Why Pensions Rarely Sue Their Consultants, Managers


The UK’s British Coal Staff Superannuation Scheme has filed a lawsuit against consultant Towers Watson for investment losses stemming from allegedly “negligent investment consulting advice”.

These types of lawsuits – a pension fund suing their consultant or investment manager – are rare. Christian Toms, a lawyer who worked with a Dutch pension fund that sued its investment firm (Goldman Sachs) in 2012, explains why these situations are so rare.

From the Tally:

Why are these kinds of legal actions, where pension funds sue their investment consultants or fund managers, so rare?

Pension funds tend to look at legal actions in a different way to hedge funds or investment banks. They are very cautious about spending a lot of their members’ money pursuing something that’s not a ‘safe bet’. For this reason, the cases we see tend already to have a lot of meat to them – a clear failure to invest in a particular way that was promised, or a complex investment that was not right for the client.

Does the argument that investment is always risky, and investors should be aware they can lose their money, make these cases inherently harder to bring?

One of the big issues is this ‘hindsight’ argument. The focus of a legal case always has to be on what was going on at the time. Did the investment manager do enough due diligence on the investment? Did they properly understand the risks, and what the clients’ risk profile was? Would a reasonable manager have done what the investment firm did in this case?

This is particularly relevant for pension funds as they are not necessarily the most aggressive investors in the world, and if they end up in a riskier structure or a more complex investment than was necessary, that could give you grounds for an argument.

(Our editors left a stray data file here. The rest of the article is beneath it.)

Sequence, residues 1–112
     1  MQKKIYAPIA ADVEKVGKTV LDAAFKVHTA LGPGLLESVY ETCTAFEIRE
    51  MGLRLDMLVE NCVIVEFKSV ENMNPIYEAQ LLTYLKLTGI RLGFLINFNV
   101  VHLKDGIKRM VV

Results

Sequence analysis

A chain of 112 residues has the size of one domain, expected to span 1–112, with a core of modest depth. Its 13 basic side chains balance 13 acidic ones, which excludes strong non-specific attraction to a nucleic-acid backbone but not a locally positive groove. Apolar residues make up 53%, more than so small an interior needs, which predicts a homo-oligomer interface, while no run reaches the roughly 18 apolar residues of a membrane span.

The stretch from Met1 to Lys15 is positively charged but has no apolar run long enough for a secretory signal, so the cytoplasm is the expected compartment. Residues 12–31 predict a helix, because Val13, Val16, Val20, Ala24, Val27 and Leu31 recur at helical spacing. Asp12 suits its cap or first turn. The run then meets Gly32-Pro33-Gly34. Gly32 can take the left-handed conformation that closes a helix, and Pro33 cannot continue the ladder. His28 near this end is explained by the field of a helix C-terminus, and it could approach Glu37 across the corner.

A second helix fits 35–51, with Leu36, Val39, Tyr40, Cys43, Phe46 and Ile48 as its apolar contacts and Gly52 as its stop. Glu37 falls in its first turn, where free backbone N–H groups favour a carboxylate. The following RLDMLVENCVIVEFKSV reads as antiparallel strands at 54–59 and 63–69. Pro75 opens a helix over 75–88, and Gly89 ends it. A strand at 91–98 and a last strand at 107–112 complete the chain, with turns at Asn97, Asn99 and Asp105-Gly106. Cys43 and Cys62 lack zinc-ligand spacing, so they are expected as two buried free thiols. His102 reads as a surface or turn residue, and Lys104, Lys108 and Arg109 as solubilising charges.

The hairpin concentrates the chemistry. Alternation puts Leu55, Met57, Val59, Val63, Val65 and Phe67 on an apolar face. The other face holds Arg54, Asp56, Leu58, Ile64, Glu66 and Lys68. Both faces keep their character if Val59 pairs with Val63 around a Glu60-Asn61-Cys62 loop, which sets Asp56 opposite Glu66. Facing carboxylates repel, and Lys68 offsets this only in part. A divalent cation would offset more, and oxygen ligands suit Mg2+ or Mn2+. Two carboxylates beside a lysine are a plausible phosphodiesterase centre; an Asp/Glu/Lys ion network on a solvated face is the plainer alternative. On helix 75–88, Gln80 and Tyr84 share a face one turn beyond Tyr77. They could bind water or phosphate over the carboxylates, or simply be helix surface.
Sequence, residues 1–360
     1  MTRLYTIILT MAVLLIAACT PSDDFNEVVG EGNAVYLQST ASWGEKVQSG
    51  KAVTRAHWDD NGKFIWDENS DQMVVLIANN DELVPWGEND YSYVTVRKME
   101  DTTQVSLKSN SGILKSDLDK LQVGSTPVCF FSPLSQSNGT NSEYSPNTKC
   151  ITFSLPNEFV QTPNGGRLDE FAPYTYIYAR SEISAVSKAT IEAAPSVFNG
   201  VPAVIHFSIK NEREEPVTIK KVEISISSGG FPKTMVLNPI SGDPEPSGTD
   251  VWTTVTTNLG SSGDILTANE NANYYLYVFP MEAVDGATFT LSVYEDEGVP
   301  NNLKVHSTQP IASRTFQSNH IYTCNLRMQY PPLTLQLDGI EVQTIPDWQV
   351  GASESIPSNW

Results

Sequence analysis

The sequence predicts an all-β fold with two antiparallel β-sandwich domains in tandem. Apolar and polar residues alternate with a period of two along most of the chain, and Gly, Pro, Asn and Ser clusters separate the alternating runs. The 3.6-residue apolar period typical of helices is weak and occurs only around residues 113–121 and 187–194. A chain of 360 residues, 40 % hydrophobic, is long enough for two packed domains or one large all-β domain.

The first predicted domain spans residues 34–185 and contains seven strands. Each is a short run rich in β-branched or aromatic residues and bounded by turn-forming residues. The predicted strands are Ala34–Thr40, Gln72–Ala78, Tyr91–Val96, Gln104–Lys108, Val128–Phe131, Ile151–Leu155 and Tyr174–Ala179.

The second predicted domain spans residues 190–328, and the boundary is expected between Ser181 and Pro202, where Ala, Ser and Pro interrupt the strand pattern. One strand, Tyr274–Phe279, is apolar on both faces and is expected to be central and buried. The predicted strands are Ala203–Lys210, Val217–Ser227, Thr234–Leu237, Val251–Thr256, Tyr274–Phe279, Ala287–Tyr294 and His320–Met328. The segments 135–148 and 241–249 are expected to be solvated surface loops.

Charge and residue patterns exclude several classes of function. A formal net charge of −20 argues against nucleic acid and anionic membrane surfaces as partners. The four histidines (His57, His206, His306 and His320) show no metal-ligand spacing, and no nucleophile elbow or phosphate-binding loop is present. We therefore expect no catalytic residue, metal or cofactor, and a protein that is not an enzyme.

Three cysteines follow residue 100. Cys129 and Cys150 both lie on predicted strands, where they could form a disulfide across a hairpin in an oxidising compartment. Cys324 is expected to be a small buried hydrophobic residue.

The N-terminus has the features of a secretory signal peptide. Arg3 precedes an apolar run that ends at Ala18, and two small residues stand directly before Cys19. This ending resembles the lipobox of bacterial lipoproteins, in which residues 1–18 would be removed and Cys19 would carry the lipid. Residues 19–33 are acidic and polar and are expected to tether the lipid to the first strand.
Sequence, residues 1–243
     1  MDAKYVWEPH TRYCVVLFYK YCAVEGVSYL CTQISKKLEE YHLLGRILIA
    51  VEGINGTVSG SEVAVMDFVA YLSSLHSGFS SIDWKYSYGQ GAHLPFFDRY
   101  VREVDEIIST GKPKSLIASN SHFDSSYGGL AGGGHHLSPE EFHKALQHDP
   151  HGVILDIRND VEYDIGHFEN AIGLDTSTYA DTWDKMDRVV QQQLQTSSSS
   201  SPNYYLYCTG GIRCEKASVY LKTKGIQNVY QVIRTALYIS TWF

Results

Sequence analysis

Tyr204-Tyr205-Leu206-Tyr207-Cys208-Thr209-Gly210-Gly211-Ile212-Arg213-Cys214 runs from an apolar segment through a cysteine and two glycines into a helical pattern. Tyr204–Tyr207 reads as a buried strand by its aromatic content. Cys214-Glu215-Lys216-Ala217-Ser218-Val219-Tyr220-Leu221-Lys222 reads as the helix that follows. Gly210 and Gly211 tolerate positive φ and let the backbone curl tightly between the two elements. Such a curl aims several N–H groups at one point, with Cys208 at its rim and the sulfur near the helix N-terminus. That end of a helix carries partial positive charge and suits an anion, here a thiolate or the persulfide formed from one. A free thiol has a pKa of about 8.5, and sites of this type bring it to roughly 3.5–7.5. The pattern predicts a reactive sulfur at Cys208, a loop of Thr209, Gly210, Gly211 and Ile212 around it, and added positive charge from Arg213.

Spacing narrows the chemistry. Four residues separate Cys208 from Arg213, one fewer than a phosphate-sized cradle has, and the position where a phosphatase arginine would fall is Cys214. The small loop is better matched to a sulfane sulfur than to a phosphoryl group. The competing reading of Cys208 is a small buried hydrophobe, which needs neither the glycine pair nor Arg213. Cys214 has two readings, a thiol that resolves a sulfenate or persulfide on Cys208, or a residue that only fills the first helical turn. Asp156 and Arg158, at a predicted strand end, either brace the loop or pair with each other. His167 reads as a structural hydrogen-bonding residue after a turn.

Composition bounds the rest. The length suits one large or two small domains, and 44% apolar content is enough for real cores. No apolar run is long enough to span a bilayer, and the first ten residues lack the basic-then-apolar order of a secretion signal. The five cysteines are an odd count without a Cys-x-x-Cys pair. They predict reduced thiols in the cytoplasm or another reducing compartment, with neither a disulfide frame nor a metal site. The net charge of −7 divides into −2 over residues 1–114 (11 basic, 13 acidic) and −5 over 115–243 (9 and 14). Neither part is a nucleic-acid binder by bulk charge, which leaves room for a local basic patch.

Toms also talks about the possibility that we could see more of these lawsuits:

Fiduciary management is a growth area in the industry. Could this lead to more disputes of this kind?

We are seeing this more and more. Consultants are taking on more asset management responsibilities. But even if they aren’t, there may still be grounds – a duty of care in relation to the advice given, perhaps. Was the advice appropriate?

In the Towers Watson/British Coal case, if they were specifically asked to implement a currency hedging strategy, it may be a question of what was appropriate. What was the need at the time and what did they do? Was what they did what a reasonable manager would do?

Generally, with pension funds, I’d say it would do all of them a benefit to more closely scrutinize their investment firms when something has gone wrong, rather than just saying ‘oh well, that’s life, it’s unfortunate, let’s fire the asset manager and move on’.

Read the full interview here.


Photo by Joe Gratz via Flickr CC License

Towers Watson Sued Over Advice That Allegedly Led to “Substantial Losses” For Pension Fund

Graph With Stacks Of Coins

Consulting firm Towers Watson faces a lawsuit from the UK’s British Coal Staff Superannuation Scheme.

The pension fund, one of the UK’s largest, alleges that Towers Watson gave them “negligent investment consulting advice” that eventually led to significant investment losses.

Towers Watson denies the allegation.

From Chief Investment Officer:

Global consulting firm Towers Watson is being sued by one of the UK’s largest pension funds for more than £47 million ($72 million).

The UK’s British Coal Staff Superannuation Scheme has filed a lawsuit in the US against the consultant alleging “negligent investment consulting advice” relating to a currency hedge.

The trustees of the £8.7 billion pension issued Towers Watson a letter of claim in September, according to a 10Q filing made to the US Securities and Exchange Commission (SEC) on November 5. The lawsuit relates to a currency hedge on a £250 million investment in a local currency emerging market debt fund, which was made in August 2008. The advice was provided by Watson Wyatt, which merged with Towers Perrin to create Towers Watson in 2010.

According to the regulatory filing, the claim alleges that the currency hedge caused a “substantial loss” to the pension fund between August 2008 and October 2012. The loss was valued at £47.5 million by the pension fund.

A spokesperson for Towers Watson told CIO that the firm “disputes the allegations brought by the British Coal Staff Superannuation Scheme and intends to defend the matter vigorously.”

The SEC filing stated: “Based on all of the information to date, and given the stage of the matter, [Towers Watson] is currently unable to provide an estimate of the reasonably possible loss or range of loss.”

The consultant was set to have issued a letter on the matter to the pension fund on or before December 23, 2014, the filing said.

The British Coal Staff Superannuation Scheme declined to comment.

The British Coal Staff Superannuation Scheme manages over $13 billion in assets.


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